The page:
Things don’t always go smoothly. My pictures may be fun and everything may look amazing, but let me tell you, there are difficulties. During Field Day 2015 there were no less than half a dozen time outs during the three hours of activities. To get our semi-okay pictures before the Minions Movie, threats were made. I told my five year old that if he didn’t stop covering his eyes or grabbing his penis I would hand him off to the next person that walked by. Luckily it didn’t come to that so he didn’t have to call my bluff.

I have to plan. A lot. I have to plan meals, snacks, make sure we have enough hand soap, crafts, toys, which kids need more diapers, schedules for my family and the daycare families. I make lists of things to do. We have several To Do Lists going at once. Our fun to do list, our places to go list, our local restaurants to eat at list, our errand list, and my daily to do list.

I put one thing at the top of my list every day to complete. If I accomplish nothing else on the list, I make sure this one thing gets done. My one thing changes daily. Sometimes it’s as simple as getting an email sent to someone, getting an appointment made, getting pictures loaded onto the computer. Sometimes it’s household chores: I will finish laundry today, clean out the pantry, deep clean a bedroom. Sometimes it’s for my family: we will go swimming this evening, watch a movie together, have a game night. Sometimes it’s for my businesses: I will get receipts filed away, I’ll get everything entered into my spreadsheet. Sometimes it’s a goal: I will walk/run so many miles this evening, I will promote the website to xx amount of businesses when I’m out. Everything else on my To Do List is seemingly less important until my one thing is accomplished. This gives me perspective. It allows me to focus on every aspect of my life on different days.

Even with as much as I plan and try to keep things together, there are a lot of quirks, intense situations (like my three year old locking herself in a bathroom stall), pictures aren’t perfect, and there are so many unplanned events. At the end of the day it makes me smile and laugh and it gives me a good story to write about. It doesn’t matter how much I plan or how much doesn’t go according to plan. I’ve found with my little secret I can accomplish things easily.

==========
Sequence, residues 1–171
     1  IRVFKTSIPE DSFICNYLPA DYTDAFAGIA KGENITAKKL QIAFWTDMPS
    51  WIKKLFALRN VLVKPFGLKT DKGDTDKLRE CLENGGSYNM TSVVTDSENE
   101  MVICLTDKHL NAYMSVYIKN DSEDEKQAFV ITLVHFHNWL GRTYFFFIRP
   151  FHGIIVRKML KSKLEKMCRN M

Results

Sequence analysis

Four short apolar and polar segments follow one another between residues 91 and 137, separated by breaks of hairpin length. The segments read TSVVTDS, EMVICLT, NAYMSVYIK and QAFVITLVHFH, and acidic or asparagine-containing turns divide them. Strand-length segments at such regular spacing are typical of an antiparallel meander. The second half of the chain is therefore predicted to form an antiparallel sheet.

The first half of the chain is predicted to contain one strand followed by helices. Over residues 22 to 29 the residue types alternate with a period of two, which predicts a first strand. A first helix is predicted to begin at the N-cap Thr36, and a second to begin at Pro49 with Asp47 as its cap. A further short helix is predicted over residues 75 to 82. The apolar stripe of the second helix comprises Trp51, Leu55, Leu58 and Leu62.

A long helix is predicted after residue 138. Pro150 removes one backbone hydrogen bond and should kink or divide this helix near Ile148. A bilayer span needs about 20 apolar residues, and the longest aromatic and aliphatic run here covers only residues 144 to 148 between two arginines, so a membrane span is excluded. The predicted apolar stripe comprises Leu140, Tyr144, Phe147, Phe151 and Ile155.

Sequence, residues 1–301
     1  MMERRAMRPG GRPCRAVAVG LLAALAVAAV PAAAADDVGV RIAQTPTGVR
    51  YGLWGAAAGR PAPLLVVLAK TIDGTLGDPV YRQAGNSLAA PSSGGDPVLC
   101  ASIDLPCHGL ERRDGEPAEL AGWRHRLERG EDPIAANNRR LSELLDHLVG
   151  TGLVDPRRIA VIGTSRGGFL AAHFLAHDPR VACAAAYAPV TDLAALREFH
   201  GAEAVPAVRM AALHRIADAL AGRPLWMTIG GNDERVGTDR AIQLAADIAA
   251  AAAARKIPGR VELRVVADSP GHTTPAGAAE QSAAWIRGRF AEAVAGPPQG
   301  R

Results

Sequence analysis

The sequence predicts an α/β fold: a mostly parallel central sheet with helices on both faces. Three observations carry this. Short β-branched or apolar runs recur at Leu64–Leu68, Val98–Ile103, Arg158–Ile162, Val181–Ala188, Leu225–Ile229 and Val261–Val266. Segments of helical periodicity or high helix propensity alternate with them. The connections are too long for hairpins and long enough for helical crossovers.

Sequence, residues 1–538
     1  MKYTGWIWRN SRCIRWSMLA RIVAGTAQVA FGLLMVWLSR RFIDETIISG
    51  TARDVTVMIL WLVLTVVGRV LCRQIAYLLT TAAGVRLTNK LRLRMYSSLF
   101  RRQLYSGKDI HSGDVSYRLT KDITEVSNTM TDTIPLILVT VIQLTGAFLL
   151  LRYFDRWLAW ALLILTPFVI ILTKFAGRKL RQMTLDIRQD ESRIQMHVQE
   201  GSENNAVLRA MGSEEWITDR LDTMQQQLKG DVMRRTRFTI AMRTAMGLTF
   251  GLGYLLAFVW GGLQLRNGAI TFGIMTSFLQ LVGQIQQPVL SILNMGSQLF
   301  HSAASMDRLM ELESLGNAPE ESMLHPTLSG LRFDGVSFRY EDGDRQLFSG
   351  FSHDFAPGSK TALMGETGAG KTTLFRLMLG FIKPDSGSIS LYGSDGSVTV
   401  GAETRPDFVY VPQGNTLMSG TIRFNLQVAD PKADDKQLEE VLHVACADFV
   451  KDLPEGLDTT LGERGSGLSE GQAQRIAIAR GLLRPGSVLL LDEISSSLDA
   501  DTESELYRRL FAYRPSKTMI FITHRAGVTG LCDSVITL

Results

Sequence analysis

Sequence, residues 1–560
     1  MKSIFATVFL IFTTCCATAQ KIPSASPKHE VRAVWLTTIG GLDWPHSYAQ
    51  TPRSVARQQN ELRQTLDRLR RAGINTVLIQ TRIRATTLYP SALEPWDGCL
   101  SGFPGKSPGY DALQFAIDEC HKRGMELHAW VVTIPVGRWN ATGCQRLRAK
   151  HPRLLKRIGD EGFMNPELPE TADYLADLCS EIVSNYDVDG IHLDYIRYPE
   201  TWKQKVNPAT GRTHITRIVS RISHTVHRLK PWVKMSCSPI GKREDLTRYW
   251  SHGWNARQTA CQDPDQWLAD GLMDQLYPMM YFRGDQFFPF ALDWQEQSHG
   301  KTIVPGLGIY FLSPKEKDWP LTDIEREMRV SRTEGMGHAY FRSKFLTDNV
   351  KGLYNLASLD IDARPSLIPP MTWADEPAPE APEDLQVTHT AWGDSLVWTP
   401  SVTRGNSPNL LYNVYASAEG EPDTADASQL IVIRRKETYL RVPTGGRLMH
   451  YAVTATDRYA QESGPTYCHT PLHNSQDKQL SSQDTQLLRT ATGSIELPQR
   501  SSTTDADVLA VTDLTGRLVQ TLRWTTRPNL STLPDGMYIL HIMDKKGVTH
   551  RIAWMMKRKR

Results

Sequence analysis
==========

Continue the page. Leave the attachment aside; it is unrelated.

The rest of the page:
“Do what you love and love what you do.”

I don’t do anything I don’t love or that doesn’t make me happy. I love being with my kids, even when they drive me crazy. I love getting creative and igniting creativity in children and teaching them. I love writing, so I write about my adventures as a parent and daycare provider. Because I love both of those things. I love getting out and doing things and exploring, so I do get out and do things with my kids. Then I write about it. Because all of those things make me happy. I love to try new things and take a chance, so I’m producing a play. Because it makes me happy and teaches me new things. That one thing at the top of my list every day is something that makes me happy and betters my life in some way.

I realize I’m lucky to have found my niche in life. To have a life that puts a smile on my face, even when I’m stressed. To have a life I get excited about and I’m passionate about. To have people around me that support me, even if they roll their eyes at me or gasp when they hear about all I do.

I may not do it all perfectly, but that’s okay. I’m not aiming for the perfect life. I’m aiming for the life that puts a smile on my face. I’m aiming to be the person that inspires others and shows others how to do what you love and love what you do.

This post was originally featured on Ashlen Sheaffer’s blog, The Kidsperts. Featured image via.